A collaboration between scientists at Seton Hall University, Michigan State University, and the US Geological Survey (USGS), funded by the Great Lakes Fishery Commission, has developed a technology using polymers for the controlled release of chemical signals into natural waterways. The purpose of this technology is to use organic chemistry and polymer/materials science to create materials for marine applications to help protect people as well as the health of our oceans and waterways by developing environmentally safe ways to control invasive species such as the sea lamprey.
This ground-breaking research, "A simple, cost-effective emitter for controlled release of fish pheromones: development, testing, and application to management of the invasive sea lamprey," was published on June 13 in the scientific research journal, PLOS ONE.
The polymer emitter technology was developed in the laboratory of Professor James E. Hanson in the Department of Chemistry and Biochemistry at Seton Hall University, and field tested by Associate Professor Michael Wagner of the Department of Fisheries and Wildlife at Michigan State University and Dr. Nicholas Johnson of the USGS. The polymer emitters have a simple tubular design, filled with a mixture of a slowly dissolving, biodegradable polymer and a chemical attractant or repellent.
"This sea lamprey study demonstrates the flexibility of the polymer emitter technology for release of chemical cues in aqueous environments, after previous use with sharks and trout. For the sea lamprey, this gives us another technique to be employed in sea lamprey control," explained Professor Hanson.
The sea lamprey, Petromyzon marinus, is an ancient jawless fish, native to the Atlantic Ocean and the streams feeding into it. They are not native to the Great Lakes and it is believed that they gained access to the Great Lakes when the Welland Canal allowed the lamprey to travel around a great natural barrier. In their parasitic phase, they have devastated native fish species and damaged fisheries in the Great Lakes. The sea lamprey is a nocturnal fish that relies on odors to find prey, avoid predators, and navigate back to rivers to spawn.
In field studies, 3kPZS, a component of the male sex pheromone of the sea lamprey was released from the emitters. Emitters releasing 3kPZS were placed in simulated lamprey nests in the Ocqueoc River and behavior of tagged female lamprey evaluated, revealing attraction of female lamprey to the 3kPZS released by the emitters.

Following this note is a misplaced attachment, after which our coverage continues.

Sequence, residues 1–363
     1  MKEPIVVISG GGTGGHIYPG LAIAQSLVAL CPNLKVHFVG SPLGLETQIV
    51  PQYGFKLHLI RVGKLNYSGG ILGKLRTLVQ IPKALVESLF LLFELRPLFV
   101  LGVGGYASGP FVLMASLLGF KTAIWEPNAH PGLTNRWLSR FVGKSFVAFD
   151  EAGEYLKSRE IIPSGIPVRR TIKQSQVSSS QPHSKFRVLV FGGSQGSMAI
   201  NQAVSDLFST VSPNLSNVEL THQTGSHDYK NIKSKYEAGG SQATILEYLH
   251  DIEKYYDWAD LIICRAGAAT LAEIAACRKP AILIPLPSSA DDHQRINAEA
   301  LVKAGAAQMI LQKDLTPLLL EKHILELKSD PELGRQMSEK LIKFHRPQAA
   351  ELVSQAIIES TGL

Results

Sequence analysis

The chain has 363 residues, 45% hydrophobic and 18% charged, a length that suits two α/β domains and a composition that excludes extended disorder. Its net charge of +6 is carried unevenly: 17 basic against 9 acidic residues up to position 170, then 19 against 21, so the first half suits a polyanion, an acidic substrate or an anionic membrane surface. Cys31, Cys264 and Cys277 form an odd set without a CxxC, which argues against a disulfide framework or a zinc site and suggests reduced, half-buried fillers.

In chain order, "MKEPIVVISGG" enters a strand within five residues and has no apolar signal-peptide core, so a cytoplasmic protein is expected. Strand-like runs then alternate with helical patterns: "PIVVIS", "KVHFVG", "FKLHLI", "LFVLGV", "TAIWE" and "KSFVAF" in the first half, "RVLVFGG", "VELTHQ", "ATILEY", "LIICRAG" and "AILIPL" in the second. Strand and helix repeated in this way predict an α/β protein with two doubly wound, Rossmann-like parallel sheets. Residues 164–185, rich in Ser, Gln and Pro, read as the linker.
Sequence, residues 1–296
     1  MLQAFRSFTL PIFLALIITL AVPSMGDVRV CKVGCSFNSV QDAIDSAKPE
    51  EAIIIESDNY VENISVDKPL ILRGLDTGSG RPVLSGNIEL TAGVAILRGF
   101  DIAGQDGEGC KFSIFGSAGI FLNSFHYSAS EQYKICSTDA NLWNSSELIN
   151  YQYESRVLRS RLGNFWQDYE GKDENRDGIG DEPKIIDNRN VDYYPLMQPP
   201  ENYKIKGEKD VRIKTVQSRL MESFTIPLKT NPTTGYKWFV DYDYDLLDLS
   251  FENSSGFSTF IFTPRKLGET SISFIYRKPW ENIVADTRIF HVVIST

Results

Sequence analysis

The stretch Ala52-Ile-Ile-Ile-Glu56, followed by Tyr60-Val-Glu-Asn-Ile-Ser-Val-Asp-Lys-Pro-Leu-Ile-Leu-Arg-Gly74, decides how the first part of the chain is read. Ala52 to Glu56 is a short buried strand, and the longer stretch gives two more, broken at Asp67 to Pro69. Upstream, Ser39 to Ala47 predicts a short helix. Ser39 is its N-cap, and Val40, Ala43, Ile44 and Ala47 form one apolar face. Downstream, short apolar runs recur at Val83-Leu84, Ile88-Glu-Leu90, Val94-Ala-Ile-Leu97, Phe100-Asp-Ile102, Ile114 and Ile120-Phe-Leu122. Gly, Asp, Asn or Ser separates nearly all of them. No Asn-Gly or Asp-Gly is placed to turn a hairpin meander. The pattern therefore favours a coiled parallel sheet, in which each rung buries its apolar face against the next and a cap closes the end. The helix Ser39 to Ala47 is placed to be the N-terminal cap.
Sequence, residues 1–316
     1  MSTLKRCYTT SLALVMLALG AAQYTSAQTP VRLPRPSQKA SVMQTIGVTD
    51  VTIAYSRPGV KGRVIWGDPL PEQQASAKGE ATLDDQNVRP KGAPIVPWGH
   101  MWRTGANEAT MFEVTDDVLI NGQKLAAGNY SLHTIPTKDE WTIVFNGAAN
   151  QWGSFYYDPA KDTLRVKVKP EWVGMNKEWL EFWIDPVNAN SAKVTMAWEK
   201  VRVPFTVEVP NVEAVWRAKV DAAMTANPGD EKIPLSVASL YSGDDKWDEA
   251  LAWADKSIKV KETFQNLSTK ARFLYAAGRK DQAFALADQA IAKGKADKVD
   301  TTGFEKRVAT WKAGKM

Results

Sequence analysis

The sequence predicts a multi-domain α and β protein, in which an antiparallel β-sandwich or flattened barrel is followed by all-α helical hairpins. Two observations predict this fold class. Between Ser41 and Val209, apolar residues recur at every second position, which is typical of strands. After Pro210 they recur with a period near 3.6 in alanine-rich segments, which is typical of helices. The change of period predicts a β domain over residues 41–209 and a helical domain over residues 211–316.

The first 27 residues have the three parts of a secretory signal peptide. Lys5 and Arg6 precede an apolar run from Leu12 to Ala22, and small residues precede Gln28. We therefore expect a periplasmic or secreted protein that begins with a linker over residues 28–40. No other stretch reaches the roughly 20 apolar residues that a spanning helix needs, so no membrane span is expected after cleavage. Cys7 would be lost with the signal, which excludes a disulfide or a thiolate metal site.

Traps on the Cheboygan, Manistique, and Muskegon rivers were baited with 3kPZS containing emitters, resulting in increased capture of female lampreys. The field work with the sea lamprey demonstrates how the polymer emitter technology represents a far more cost-effective approach to releasing waterborne odors to control invaders than the use of pumps. The Great Lakes Fishery Commission is a joint effort of the United States and Canada to coordinate fisheries research and management on the Great Lakes.
"Sea lamprey control is essential to the $7 billion Great Lakes fishery," said Robert Lambe, executive secretary of the Great Lakes Fishery Commission, the agency responsible for sea lamprey control, which funded this research. "Although we have reduced sea lamprey populations by 90 percent in most areas of the Great Lakes, the invasive pest can be tenacious. The commission is continually seeking ways to improve sea lamprey control. One promising technique is the use of chemical odor cues to attract or repel sea lampreys—attract them into traps, for instance, or repel them away from good spawning habitat. The polymer emitter technology developed by scientists from Seton Hall University and Michigan State University brings us a big step closer to using chemical odor cues as a major sea lamprey control technique."
More on this research is available by reading the article at PLOS ONE.
PLOS ONE features reports of original research from the natural sciences, medical research, engineering, as well as the related social sciences and humanities that will contribute to the base of scientific knowledge.
See the latest media coverage featuring this research by Kirsti Marohn of MPR here.